History and Cultural Significance of CBD

Explore the history and cultural significance of CBD (cannabidiol). Learn about its origins, traditional uses, modern applications, and its impact on health and wellness practices worldwide.

The Discovery of Cannabinoids

Cannabis has been utilized for various purposes, including medicinal, religious, and recreational, for over 5000 years. Cannabinol (CBN) was the first cannabinoid isolated by chemists, primarily forming from THC during the storage of harvested cannabis. In 1839, Irish medical researcher and physician William B. O’Shaughnessy published a study on the therapeutic effects of cannabis, despite the lack of understanding about cannabinoids and the endocannabinoid system at the time.

The chemical structure of cannabidiol (CBD) was first elucidated by R.S. Cahn in the 1930s, and in 1940, Roger Adams and his colleagues in the USA successfully synthesized CBD in a lab. Raphael Mechoulam further detailed the structures of THC and CBD in the 1960s and synthesized them, marking significant advancements in the identification of other cannabinoids.

Who Discovered CBD?

R.S. Cahn first elucidated the chemical structure of CBD in the 1930s, but it wasn’t until 1940 that Roger Adams isolated CBD in its bis(3,5-dinitrobenzoate) ester form from Cannabis Sativa.

Initial Responses to CBD’s Discovery

The identification and isomerization of CBD were not widely recognized initially. In the 1960s, Dr. Raphael Mechoulam detailed the chemical structure of cannabidiol and concluded that CBD was not psychoactive but might have other potential uses.

How CBD Was Studied After its Synthesis

Early pharmacological experiments in the 1940s and ’50s involving CBD oil extracted from cannabis led to the first insights into CBD’s pharmacology. By the 1980s, research on CBD as a potential therapeutic aid began to intensify, with significant breakthroughs in epilepsy treatment.

In 1977, Brazilian researchers conducted a small clinical study on epileptic patients, demonstrating CBD’s potential in reducing convulsions.

Long-term Use of CBD

The legalization of CBD-based medications in the early 21st century led to widespread use. Today, CBD is ubiquitous, found in gas stations, drugstores, health food stores, and big-box retailers, and even prescribed as an FDA-approved medication for epilepsy (Epidiolex).

Historical Examples of Hemp Consumption

  • Ancient China: The Chinese herbal texts by Shen Nong emphasized the medicinal use of hemp for ailments like gout, arthritis, and malaria.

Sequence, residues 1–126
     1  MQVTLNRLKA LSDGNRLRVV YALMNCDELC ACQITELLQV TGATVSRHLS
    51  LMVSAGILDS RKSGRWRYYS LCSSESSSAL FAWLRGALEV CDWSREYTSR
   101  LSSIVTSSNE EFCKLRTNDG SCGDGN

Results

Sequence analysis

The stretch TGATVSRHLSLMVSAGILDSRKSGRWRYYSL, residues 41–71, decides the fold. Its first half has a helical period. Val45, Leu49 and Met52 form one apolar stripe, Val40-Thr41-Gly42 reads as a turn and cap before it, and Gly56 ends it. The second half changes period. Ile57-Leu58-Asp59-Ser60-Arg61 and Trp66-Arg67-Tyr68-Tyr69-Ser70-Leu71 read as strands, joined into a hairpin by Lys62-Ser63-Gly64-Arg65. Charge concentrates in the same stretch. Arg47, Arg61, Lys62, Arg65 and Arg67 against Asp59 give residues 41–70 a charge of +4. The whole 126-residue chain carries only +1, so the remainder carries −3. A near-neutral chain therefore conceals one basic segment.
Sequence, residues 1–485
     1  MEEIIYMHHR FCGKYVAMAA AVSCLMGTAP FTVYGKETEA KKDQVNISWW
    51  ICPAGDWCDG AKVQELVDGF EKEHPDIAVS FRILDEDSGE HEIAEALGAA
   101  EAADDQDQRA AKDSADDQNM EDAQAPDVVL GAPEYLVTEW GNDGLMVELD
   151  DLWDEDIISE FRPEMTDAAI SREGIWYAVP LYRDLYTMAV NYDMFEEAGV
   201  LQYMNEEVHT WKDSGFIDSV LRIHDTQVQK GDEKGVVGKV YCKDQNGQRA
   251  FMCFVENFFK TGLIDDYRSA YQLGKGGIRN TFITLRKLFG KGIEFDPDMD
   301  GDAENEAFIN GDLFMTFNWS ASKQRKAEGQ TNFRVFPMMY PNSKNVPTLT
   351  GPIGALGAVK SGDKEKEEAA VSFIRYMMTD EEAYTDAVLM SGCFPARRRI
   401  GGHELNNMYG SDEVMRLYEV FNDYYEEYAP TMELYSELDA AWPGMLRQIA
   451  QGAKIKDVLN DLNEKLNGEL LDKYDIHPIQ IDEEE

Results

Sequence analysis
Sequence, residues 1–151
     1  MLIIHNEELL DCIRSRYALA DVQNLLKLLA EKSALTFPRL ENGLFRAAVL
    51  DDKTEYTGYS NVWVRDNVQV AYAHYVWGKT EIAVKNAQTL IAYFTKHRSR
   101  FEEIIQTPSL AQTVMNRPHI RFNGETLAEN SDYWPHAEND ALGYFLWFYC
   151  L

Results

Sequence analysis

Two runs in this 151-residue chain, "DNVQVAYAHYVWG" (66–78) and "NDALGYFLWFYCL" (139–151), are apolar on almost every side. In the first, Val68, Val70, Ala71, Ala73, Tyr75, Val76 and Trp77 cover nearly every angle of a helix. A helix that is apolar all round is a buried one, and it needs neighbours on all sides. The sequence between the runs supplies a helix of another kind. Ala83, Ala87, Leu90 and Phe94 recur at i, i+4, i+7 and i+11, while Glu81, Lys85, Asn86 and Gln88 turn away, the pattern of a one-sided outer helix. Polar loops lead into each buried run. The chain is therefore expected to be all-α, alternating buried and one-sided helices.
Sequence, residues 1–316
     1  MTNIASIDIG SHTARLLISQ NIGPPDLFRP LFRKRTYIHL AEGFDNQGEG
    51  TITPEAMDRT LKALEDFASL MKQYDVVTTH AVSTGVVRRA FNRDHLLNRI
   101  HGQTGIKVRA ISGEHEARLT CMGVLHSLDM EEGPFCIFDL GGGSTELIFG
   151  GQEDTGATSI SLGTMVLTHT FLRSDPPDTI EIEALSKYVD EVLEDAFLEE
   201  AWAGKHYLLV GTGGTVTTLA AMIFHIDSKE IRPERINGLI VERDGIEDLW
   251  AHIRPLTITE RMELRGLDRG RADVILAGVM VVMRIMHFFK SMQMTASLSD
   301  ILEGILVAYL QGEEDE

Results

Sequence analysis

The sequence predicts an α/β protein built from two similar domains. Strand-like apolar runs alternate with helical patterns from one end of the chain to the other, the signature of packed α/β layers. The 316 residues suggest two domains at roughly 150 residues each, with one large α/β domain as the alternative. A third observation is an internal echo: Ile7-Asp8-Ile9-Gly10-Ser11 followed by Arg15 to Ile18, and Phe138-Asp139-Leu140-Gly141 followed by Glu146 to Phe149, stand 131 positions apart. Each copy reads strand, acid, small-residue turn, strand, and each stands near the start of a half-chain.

• Arabia and Persia: Hashish was consumed for pleasure.
  • Ancient Egypt: Mummies have been found with traces of hashish, indicating its use around 1000 BC.
  • Ancient Iran: Hemp was used recreationally and called ‘hempwas’.
  • India: Hemp, considered sacred, was used to make a drink called Bhang for social and religious occasions.
  • 18th Century Ireland: William O’Shaughnessy popularized the medicinal use of cannabis.
  • 19th Century UK: Cannabis was sometimes prescribed medicinally, notably by Dr. J.R. Reynolds for Queen Victoria’s menstrual cramps.
  • 1978 Landmark Lawsuit in America: Robert Randall sued the federal government for using cannabis to treat glaucoma, resulting in the FDA setting up a unique program to distribute cannabis.

Path to Federal Rescheduling

CBD’s path to federal rescheduling is intertwined with marijuana and hemp legislation. Cannabis Sativa has long been a Schedule I drug, deemed to have no accepted medical use. However, the 2018 Farm Bill legalized the regulated cultivation and sale of industrial hemp and hemp-derived products, provided they contain less than 0.3% THC.

The DEA’s CBD Rescheduling Order

In 2018, the FDA approved the first CBD drug, Epidiolex, leading to the DEA rescheduling FDA-approved CBD drugs with less than 0.1% THC to Schedule V, the least restrictive category under the Controlled Substances Act.

Modern Use of CBD

According to a 2019 Gallup poll, 33% of Americans have tried CBD, with 14% using it regularly. A survey by SingleCare found that pain management is the primary reason for use, especially among older adults, while younger users primarily cite anxiety and stress.

Reported Reasons for CBD Use

  • Pain Management: 64%
  • Anxiety and Stress: 49%
  • Sleep and Insomnia: 42%
  • Arthritis: 27%
  • Depression: 26%
  • Migraines and Headaches: 21%
  • Recreational Use: 12%
  • Pets: 8%
  • Other Mental Health Conditions: 8%
  • Digestive Issues: 8%
  • Acne or Skincare: 6%
  • General Health Benefits: 5%
  • Other Reasons: 2%

CBD has found diverse applications and enjoys widespread popularity today, representing a significant shift from its controversial beginnings.